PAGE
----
Pediatric Drugs

, Volume 21, Issue 4, pp 215–237 | Cite as

Targeted Therapy for Severe Asthma in Children and Adolescents: Current and Future Perspectives

  • Amelia Licari
  • Sara Manti
  • Riccardo Castagnoli
  • Giuseppe Fabio Parisi
  • Carmelo Salpietro
  • Salvatore Leonardi
  • Gian Luigi MarsegliaEmail author
Leading Article


Severe asthma in children remains a significant issue. It places a heavy burden on affected individuals and society as a whole in terms of high morbidity, mortality, consumption of healthcare resources, and side effects from high-dose corticosteroid therapy. New, targeted biologic therapies for asthma have emerged as effective add-on options, complementing our expanding understanding of asthma phenotypes/endotypes and the underlying immunopathology of the disease spectrum. They include omalizumab, mepolizumab, reslizumab, benralizumab, and dupilumab. Omalizumab represents the first available therapeutic option for allergic asthma in patients as young as 6 years of age. Its efficacy and safety have been established by several randomized controlled trials specifically conducted in pediatric patients, leading to its final registration > 10 years ago. Three new interleukin (IL)-5 targeted agents, mepolizumab, reslizumab, and benralizumab, have been approved for the treatment of severe eosinophilic asthma starting from 6 years of age, and varying by country. More recently, dupilumab, a targeted agent against the IL-4 receptor α-chain, was approved for patients ≥12 years of age in the United States after pivotal trials were completed. The late-stage clinical testing of these targeted agents has mostly involved patients aged 12 years and up, and the application of those data to younger children can be inappropriate and carry risk. The efficacy and safety of these newer biologics in children should be supported by adequate research within this targeted age group. In this review, we will present the most recent evidence on these five biological therapies for severe asthma and will discuss dosage and administration, their efficacy, safety, and future prospects, with a focus on the pediatric age group, defined as age < 18 years.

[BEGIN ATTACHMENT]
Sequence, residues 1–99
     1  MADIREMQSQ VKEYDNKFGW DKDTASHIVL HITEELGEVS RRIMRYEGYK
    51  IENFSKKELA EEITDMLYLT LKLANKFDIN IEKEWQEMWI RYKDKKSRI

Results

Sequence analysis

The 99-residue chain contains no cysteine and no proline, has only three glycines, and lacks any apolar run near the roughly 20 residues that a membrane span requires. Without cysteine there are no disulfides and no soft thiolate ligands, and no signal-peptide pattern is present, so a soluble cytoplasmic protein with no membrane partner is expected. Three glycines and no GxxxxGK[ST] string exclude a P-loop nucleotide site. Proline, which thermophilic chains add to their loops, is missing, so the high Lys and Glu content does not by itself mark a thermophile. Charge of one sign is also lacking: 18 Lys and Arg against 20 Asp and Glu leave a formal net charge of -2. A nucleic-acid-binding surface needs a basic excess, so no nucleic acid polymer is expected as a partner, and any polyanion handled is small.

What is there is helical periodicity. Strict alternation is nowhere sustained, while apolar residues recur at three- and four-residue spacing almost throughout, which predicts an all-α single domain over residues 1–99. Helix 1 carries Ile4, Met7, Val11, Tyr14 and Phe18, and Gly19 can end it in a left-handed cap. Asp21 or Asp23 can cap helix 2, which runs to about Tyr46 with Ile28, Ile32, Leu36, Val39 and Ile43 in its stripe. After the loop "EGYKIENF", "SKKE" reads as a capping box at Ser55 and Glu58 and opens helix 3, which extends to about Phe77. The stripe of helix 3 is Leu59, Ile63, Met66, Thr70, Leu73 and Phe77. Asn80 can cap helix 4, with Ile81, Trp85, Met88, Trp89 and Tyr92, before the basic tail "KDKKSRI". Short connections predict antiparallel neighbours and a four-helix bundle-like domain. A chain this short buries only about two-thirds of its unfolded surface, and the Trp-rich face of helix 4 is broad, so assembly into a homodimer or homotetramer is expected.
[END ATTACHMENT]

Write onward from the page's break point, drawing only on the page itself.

Compliance with Ethical Standards


No sources of funding were used to assist in the preparation of this review.

Conflict of interest

Amelia Licari, Sara Manti, Riccardo Castagnoli, Giuseppe Fabio Parisi, Carmelo Salpietro, Salvatore Leonardi, and Gian Luigi Marseglia have no conflicts of interest that are directly relevant to the content of this study.


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Copyright information

© Springer Nature Switzerland AG 2019

Authors and Affiliations

  1. 1.Pediatric Clinic, Department of Pediatrics, Fondazione IRCCS Policlinico San MatteoUniversity of PaviaPaviaItaly
  2. 2.Unit of Pediatric Genetics and Immunology, Department of PediatricsUniversity of MessinaMessinaItaly
  3. 3.Department of Clinical and Experimental MedicineUniversity of CataniaCataniaItaly

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